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Photo: Charles Yarish, UCONN

RESOURCES

There is a growing body of literature about the important role that aquaculture, and seaweed farming in particular, is taking in providing food in a more sustainable and low-carbon manner compared to terrestrial agriculture (Froehlich et al. 2018). In fact, as seaweed farming expands, it can play an important role for climate change mitigation, especially in developing countries (Duarte et al. 2017, Hoegh-Guldberg. O., et al. 2019). Seaweed farming could offset and sequester all the carbon emission contributed by aquaculture, making it the first major food sector to be carbon-neutral (Froehlich et al. 2019). Marine spatial analyses reveal that seaweed farming can play an important role in lifting economic prosperity, especially in the developing world, while benefiting and restoring the environment (Theuerkauf et al. 2019). In fact, co-culture of seaweed with shellfish may be an important factor in maintaining the vitality of marine protein production in the face of ocean acidification (Fernandez et al. 2019). Seaweed farming products have some interesting benefits for agriculture in the form of promising animal feed additives that can improve animal health (Harider et al. 2016) and reduce greenhouse gas production in ruminants by > 90% (Kinley et al. 2020, Roquea et al. 2019). Seaweed extracts can be used to improve productivity and stress tolerance in plant crops (Shukla et al. 2019).  A thorough review of the challenges and opportunities for seaweed aquaculture in North America, and the promising future for seaweed production worldwide is presented by members of ANCIENT MARINER (Kim et al. 2019).

References from above

Duarte, C.M., Wu, J., Xiao, X., Bruhn, A., and Krause-Jensen, D. (2017). Can seaweed farming play a role in climate change mitigation and adaptation? Front. Mar. Sci. 4, 100. doi: 10.3389/fmars.2017.00100

 

Fernández, P.A., P.P. Leal,  L.A. Henríquez (2019) Co-culture in marine farms: macroalgae can act as chemical refuge for shell-forming molluscs under an ocean acidification scenario, Phycologia, 58:5, 542-551, DOI: 10.1080/00318884.2019.1628576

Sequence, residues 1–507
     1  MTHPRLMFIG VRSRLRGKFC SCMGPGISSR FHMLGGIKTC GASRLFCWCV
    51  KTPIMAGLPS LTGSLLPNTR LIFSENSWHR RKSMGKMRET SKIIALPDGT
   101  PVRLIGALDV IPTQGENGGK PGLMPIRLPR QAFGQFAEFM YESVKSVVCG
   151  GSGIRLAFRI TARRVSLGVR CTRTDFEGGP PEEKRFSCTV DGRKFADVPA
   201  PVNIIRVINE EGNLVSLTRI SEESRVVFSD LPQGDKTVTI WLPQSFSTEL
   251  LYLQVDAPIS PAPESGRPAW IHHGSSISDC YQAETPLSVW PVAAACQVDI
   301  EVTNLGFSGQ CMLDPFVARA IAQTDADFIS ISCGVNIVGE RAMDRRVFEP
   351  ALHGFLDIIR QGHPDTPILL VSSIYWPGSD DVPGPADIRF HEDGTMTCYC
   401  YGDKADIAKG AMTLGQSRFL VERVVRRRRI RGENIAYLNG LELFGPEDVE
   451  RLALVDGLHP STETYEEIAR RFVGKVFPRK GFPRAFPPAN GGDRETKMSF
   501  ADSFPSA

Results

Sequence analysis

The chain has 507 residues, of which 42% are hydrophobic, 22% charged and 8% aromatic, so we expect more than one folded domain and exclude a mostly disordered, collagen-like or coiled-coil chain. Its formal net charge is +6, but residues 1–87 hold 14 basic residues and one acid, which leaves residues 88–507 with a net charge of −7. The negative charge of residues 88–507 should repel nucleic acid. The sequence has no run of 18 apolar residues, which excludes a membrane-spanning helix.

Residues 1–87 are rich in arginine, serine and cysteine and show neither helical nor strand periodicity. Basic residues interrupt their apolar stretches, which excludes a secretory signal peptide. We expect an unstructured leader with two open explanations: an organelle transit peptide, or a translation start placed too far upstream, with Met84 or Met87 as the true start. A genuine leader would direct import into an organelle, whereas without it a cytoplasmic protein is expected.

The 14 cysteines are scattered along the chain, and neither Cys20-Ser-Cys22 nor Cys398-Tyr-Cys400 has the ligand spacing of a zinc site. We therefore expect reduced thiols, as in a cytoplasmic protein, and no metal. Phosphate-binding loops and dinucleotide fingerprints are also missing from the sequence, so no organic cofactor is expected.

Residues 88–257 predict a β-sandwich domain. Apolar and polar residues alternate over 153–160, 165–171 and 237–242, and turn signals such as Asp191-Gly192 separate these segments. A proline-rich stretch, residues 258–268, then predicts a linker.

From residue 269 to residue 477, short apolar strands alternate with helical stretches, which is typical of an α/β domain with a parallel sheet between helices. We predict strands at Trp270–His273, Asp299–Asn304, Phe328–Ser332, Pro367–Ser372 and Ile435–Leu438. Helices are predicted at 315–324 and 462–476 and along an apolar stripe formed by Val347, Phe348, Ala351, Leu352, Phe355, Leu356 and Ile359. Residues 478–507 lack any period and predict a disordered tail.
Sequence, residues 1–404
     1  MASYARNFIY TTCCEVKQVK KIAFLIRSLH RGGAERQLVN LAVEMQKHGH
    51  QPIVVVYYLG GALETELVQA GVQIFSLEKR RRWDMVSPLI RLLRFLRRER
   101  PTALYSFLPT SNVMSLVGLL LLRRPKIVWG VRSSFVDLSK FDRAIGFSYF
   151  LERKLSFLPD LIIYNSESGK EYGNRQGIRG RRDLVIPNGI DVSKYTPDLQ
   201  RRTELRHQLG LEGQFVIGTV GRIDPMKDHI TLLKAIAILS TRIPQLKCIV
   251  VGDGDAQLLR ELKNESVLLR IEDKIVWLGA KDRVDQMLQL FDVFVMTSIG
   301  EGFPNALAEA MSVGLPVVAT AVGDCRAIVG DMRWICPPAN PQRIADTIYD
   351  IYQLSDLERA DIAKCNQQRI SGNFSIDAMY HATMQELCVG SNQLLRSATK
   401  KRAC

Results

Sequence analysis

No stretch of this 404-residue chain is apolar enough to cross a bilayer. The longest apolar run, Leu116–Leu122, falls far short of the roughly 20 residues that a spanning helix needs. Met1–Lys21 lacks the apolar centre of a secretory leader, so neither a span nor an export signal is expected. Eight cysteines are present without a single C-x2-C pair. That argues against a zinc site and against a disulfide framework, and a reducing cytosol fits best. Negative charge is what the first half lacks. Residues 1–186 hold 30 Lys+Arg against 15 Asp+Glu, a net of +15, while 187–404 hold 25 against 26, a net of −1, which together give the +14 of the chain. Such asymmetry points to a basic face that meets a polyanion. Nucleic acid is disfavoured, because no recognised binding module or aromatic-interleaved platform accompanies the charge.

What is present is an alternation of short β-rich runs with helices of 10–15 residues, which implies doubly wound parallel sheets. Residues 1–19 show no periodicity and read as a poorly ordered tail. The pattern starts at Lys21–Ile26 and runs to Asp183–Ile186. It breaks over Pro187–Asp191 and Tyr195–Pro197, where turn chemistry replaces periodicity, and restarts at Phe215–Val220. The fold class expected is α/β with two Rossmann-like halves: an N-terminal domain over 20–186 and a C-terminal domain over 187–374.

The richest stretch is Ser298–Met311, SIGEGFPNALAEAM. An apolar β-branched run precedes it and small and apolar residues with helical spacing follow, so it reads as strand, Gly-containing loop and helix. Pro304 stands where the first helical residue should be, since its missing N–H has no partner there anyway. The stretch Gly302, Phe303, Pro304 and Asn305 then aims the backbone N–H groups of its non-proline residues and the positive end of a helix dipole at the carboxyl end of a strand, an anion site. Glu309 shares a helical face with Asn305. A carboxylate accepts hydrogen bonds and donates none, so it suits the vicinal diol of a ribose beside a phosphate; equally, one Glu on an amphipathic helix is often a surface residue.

Froehlich, H. E.,  C. A. Runge, R. R. Gentry, S. D. Gaines, B. S. Halpern. (2018). Comparative terrestrial feed and land use of an aquaculture-dominant world. Proceedings of the National Academy of Sciences,115 (20) 5295-5300; DOI: 10.1073/pnas.1801692115 

 

Froehlich H., J.C. Afflerbach, M. Frazier, B.S. Halpern (2019). Blue Growth Potential to Mitigate Climate Change through Seaweed Offsetting, Current Biology. doi.org/10.1016/j.cub.2019.07.041

 

Harinder P.S., G.T. Makkar, V. Heuzé, S. Giger-Reverdin, M. Lessire, F. Lebas, P. Ankers,. 2016. "Seaweeds for livestock diets: A review." Animal Feed Science and Technology 1-17, volume 212.

 

Hoegh-Guldberg. O., et al. 2019. ‘‘The Ocean as a Solution to Climate Change: Five Opportunities for Action.’’ Report. Washington, DC: World Resources Institute. www.oceanpanel.org/climate

 

Kim, J.K.,  M. Stekoll, C. Yarish (2019) Opportunities, challenges and future directions of open-water seaweed aquaculture in the United States, Phycologia, 58:5, 446-461, DOI: 10.1080/00318884.2019.1625611

Kinley RD, G. Martinez-Fernandeza, M. K.Matthews, R. de Nys, M. Magnusson, N. W.Tomkin. 2020. Mitigating the carbon footprint and improving productivity of ruminant livestock agriculture using a red seaweed. Journal of Cleaner Production, Vol. 259,

doi.org/10.1016/j.jclepro.2020.120836

 

Roquea B.M., J.K. Salwen, R. Kinley, E. Kebreab. 2019 . "Inclusion of Asparagopsis armata in lactating dairy cows' diet reduces enteric methane emission by over 50 percent." Journal of Cleaner Production.

 

Shukla P.S., Mantin EG, Adil M, Bajpai S, Critchley AT and Prithiviraj B (2019) Ascophyllum nodosum-Based Biostimulants: Sustainable Applications in Agriculture for the Stimulation of Plant Growth, Stress Tolerance, and Disease Management. Front. Plant Sci. 10:655. doi: 10.3389/fpls.2019.00655

 

Theuerkauf SJ, Morris JA, Jr., Waters TJ, Wickliffe LC, Alleway HK, Jones RC (2019) A global spatial analysis reveals where marine aquaculture can benefit nature and people. PLoS ONE 14(10):

e0222282. doi.org/10.1371/journal.pone.0222282

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Photo: David Bailey, WHOI

Click image to enlarge (from Duarte et al. 2017)

Climate Change and Seaweed Farming Duart